While that creativity made the environment fun, the massive popularity of Facebook and ever-evolving technology created frequent challenges.
For instance, he and his colleagues often encountered acute memory shortages and bandwidth limitations and had to come up with workarounds for machinery shortcomings. The first version of News Feed wasn’t real time, he recalled—it was stored in memory and built for each user every 30 minutes.
“I had to build a system that would constantly check to make sure it was running, and if it wasn’t running, it would call my phone and wake me up in the middle of the night, and I would have to fix it,” he said. “Things are a lot easier today than they were then, but at the same time, there was something quite satisfying about it. I built every part of that system, and understood how every little piece of that system worked.”
More than a dozen years later, things have changed at Facebook, and Bosworth’s role has morphed, too. He and his coworkers are still trying to create a set of tools that don’t exist, but they are now delving much deeper than they did before.
Bosworth leads the company’s charge into augmented and virtual reality, a brave new world for the social networking site, and the source of a completely different set of challenges.
“Now, we are looking at hardware on the consumer level and trying to build into form factors like glasses,” he said. “Glasses don’t struggle with Moore’s law; they struggle with the first law of thermodynamics. The problem isn’t that I can’t get enough transistors onto your glasses—the problem is, when I do, it will burn your face.”
In augmented and virtual reality, the input methods and application models programmers have relied on for 60 years fall flat, so every question they try to answer is a new one, he said. Enabling people to interact with virtual environments without a mouse, keyboard, or other precise pointing equipment is a major hurdle, as is enhancing artificial intelligence so it can make strong inferences about the world.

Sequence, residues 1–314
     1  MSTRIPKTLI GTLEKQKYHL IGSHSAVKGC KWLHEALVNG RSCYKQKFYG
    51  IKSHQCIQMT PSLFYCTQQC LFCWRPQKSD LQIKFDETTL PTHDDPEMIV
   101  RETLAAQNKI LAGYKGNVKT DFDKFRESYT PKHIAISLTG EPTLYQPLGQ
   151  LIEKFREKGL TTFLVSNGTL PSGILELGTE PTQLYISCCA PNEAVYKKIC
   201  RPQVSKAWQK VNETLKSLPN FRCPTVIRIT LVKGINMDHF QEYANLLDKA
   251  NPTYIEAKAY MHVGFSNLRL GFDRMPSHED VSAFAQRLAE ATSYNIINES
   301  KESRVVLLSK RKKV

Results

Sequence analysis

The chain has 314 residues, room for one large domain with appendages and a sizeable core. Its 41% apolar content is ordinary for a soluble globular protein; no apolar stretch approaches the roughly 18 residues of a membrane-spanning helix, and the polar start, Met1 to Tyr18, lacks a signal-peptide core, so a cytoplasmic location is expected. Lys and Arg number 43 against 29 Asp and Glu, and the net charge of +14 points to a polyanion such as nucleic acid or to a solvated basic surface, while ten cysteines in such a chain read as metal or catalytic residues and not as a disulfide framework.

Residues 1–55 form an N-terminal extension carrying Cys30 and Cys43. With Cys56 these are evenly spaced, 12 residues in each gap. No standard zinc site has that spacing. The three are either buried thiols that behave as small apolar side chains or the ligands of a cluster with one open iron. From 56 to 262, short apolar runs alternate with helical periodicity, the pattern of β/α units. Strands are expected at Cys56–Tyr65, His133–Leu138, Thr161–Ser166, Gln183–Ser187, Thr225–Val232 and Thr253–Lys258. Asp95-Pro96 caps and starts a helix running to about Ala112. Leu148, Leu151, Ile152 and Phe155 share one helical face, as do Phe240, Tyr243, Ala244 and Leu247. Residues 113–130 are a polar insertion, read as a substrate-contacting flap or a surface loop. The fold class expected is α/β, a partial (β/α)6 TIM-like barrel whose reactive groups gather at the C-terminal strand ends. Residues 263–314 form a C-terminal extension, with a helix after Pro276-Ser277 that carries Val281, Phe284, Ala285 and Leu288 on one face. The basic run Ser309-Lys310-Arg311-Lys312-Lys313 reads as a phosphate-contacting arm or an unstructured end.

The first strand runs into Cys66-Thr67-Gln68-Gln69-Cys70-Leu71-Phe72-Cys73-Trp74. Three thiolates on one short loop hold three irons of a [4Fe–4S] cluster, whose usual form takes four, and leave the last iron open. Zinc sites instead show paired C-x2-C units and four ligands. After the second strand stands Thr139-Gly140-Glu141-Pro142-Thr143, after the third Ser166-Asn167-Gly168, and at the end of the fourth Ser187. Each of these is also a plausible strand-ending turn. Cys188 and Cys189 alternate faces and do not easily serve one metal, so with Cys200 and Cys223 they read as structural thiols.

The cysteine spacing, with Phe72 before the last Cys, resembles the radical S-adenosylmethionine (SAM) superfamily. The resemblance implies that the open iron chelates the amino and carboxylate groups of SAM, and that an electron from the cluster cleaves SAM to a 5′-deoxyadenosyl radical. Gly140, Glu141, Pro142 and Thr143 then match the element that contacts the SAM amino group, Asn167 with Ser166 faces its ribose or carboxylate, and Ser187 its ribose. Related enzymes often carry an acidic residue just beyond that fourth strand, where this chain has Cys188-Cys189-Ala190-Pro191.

Facebook’s Spark AR Studio is helping the company better understand how to improve the technology for the future, he said. The platform is being used by hundreds of millions of people each month, and while “growing” an augmented reality beard might not seem like serious research, the application is helping the company track and solve important problems.
“It is a very exciting time. And it feels immense and challenging, but at the same time, it does feel kind of inevitable. We really believe this is the next frontier of computing,” he said. “Instead of cell phones, people will one day have a constellation of augmented reality devices on their person. But the path from here to there isn’t at all clear to us or to anybody else, so we have to invent it and that is exciting.”
The worlds of augmented and virtual reality may be about fun and games now, but Bosworth envisions a future where those tools are used to unlock opportunities for a global workforce.
People often make decisions about the college they go to or the company they join based on geographic, social, or economic factors, he said. If that wasn’t an issue—if people could learn and work just as effectively using augmented and virtual reality—human capital could be allocated much more efficiently around the globe.
For Bosworth, it’s a mind-blowing future that he couldn’t have imagined when he joined the nascent social networking company.
“None of us imagined what Facebook would turn out to be,” he said. “Working there feels like a privilege and responsibility, and you can’t question that we’ve had an impact. What we’re working on now is just to continue to sharpen that impact and make sure it is a positive one.”
“It is hard to look past the fact that a lot of skills I use today have nothing to do with computer science. It is valuable to my team that I speak the language, but the skills I use today are about managing people and relationships, and about communicating vision really clearly,” he said. “Years ago, I really thought I wanted to program AI for video games. So keeping a broad view and open mind is the best thing you can do for yourself. Give yourself that space to follow what you are curious about.”
Adam Zewe | 617-496-5878 | email@example.com